Studying while abroad is, obviously, an educational experience. That said, there are always some hang ups that hinder learning, and there are some things to be aware of that improve learning.
During orientation they gave us a list of things to bear in mind when learning a language abroad. The list is quite comprehensive, covering things such as seeking out native speakers, using note taking skills, trying to learn a set number of words a day, and so on. What the list points to, but does not explicitly state, is that one should be prepared for embarrassment. As I had described in my first blog, I felt like an idiot when interacting with security shortly upon entry into Russia and I was unwittingly playing an idiot when doing so. There is an important lesson from this – One can remain silent, constantly double guessing themselves, or one can speak. Embarrassment is the third certainty of life, best learn from it.
“How does feeling embarrassed aid in learning? It feels bad.” Yes. It does. That’s how it works. The problem in learning, however, is that people learn the wrong lesson from embarrassment. They make a mistake, get negative feedback, and then don’t do such an action again. However, the error that many make is that they sometimes think that the action itself is the mistake, not how they did it. My greatest problem (of many) with Russian is pronunciation. My problem is a fear of a confounded face, trying to untangle my misplaced stress. Thus, my solution is to note where I am not clear and check the pronunciation of the words which were not clear. Not speaking in fear of being misunderstood will only harm you in the long-term; avoiding unpleasantness will only lead to more of it when push comes to shove.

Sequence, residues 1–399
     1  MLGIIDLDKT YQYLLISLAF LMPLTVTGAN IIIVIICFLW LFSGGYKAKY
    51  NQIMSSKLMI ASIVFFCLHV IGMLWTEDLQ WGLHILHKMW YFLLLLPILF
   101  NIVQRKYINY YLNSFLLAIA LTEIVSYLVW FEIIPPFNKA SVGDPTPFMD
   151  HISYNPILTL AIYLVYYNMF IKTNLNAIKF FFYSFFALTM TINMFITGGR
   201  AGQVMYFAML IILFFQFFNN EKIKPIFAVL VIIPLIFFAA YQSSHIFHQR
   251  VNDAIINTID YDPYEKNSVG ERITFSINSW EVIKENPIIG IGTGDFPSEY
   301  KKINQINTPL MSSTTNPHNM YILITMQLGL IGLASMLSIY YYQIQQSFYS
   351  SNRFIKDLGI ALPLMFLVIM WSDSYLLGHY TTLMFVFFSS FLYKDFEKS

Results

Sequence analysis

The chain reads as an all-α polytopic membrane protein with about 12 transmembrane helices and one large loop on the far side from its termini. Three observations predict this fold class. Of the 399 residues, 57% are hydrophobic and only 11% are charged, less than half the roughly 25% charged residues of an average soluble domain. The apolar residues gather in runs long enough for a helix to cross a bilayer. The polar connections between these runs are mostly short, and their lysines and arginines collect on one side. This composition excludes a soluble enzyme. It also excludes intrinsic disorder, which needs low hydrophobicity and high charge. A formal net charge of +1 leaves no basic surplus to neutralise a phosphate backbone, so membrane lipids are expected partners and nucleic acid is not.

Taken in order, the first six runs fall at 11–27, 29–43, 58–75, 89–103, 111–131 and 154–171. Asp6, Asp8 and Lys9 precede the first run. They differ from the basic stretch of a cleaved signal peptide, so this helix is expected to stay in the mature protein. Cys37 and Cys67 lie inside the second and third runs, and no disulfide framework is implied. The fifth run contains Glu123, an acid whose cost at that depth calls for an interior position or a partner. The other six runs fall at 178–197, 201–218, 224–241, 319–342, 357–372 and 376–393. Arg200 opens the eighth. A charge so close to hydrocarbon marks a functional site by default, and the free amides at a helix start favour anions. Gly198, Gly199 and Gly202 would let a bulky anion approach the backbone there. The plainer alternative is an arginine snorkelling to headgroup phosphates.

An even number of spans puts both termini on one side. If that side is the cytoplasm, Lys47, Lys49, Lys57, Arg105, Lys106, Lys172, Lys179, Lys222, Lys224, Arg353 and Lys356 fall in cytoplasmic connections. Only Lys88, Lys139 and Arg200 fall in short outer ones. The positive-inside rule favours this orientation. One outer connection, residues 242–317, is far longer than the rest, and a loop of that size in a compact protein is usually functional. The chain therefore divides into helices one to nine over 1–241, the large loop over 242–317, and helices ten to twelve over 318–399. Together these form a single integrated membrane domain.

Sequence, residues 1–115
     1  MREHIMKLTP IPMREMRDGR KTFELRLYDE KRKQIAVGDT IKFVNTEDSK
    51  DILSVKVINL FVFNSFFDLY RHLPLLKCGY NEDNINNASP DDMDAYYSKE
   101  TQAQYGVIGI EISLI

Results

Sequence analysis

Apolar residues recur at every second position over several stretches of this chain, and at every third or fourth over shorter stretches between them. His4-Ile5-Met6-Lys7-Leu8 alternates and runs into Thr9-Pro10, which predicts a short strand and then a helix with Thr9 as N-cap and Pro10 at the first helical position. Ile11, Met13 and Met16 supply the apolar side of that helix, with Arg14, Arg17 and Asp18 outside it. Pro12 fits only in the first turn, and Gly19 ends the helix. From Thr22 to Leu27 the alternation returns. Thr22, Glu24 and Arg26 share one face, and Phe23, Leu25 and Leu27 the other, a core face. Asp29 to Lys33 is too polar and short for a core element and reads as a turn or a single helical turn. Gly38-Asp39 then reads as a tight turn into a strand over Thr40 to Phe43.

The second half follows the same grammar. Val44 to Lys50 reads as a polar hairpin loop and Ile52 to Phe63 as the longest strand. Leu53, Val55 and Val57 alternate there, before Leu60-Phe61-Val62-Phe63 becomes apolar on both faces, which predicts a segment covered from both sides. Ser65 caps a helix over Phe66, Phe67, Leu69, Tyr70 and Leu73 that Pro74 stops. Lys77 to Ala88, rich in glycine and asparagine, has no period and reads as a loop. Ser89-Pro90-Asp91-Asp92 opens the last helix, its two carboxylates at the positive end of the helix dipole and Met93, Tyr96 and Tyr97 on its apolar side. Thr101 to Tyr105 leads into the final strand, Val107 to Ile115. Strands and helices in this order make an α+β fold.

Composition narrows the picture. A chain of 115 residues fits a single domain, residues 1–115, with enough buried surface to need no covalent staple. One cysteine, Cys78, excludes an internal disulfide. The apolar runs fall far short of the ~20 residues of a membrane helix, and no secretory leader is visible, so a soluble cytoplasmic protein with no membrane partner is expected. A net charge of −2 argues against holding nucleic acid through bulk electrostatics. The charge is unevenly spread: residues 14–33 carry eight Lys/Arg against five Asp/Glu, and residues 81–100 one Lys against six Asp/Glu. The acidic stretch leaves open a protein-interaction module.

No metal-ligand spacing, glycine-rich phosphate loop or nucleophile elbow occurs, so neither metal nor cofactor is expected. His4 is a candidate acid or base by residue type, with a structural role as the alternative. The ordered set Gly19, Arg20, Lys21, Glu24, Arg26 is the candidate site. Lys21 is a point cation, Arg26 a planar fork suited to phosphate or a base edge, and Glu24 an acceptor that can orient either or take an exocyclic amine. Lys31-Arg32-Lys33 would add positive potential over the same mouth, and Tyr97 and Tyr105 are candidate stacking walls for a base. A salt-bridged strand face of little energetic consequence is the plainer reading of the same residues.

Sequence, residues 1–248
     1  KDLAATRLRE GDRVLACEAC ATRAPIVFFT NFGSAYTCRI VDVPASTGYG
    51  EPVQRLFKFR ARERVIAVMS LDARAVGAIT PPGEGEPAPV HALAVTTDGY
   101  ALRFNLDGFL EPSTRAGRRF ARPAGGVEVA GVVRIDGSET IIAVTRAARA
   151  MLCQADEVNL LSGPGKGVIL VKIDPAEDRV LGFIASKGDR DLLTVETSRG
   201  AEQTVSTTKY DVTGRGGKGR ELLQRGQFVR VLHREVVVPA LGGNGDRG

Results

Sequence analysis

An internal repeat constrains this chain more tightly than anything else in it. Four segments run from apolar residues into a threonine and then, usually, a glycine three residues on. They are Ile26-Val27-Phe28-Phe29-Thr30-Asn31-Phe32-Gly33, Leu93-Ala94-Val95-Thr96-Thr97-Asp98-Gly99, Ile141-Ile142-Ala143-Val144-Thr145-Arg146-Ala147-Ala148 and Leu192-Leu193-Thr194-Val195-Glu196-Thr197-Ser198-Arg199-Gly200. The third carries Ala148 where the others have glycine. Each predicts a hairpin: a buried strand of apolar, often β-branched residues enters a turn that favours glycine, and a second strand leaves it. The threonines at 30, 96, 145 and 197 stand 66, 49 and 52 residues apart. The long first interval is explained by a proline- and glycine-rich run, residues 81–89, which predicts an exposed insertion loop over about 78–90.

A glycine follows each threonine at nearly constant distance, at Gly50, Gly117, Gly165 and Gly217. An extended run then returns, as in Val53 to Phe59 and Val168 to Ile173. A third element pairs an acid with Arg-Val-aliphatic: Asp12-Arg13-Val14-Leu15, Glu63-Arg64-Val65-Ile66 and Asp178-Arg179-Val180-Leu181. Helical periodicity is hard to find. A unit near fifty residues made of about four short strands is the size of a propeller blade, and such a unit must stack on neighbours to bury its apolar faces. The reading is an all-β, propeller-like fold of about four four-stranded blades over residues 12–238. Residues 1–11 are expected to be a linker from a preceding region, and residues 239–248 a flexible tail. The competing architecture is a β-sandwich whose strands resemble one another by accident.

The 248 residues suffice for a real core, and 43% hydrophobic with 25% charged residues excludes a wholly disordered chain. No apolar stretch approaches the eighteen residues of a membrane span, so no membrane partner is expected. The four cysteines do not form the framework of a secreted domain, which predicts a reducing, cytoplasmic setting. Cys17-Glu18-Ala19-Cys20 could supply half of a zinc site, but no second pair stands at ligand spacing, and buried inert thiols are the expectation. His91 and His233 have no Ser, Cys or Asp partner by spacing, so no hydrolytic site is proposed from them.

Another issue when studying abroad is that it is not immediately clear how much progress one makes. Certainly, teachers may say this or that about how much improvement one had over time, but it is easy to focus on what one is still not able to do. There is the disconnect between what one would like to achieve and how much one actually achieved. It does not matter how much you have walked; there are always kilometers more to go to the point that any distance covered simply seems trite in comparison. It’s easy to get mired in regret, “Oh, if only I did this from the start.” Such thoughts are probably natural, it may be irritating to get such insights late, but better late than never, one still has time.
In sum, learning abroad is quite educational, but the more educational experiences tend to be seen as negative as they are happening. To fall into doubt is quite easy and it is important to push on, regardless. However they pay off as time passes and the initial negative feelings (stress, doubt, etc) pass and such tribulations pay off greatly, giving a greater appreciation of the country you will be in, and what you have accomplished.
By: Austen Demsko
Term: Fall 2017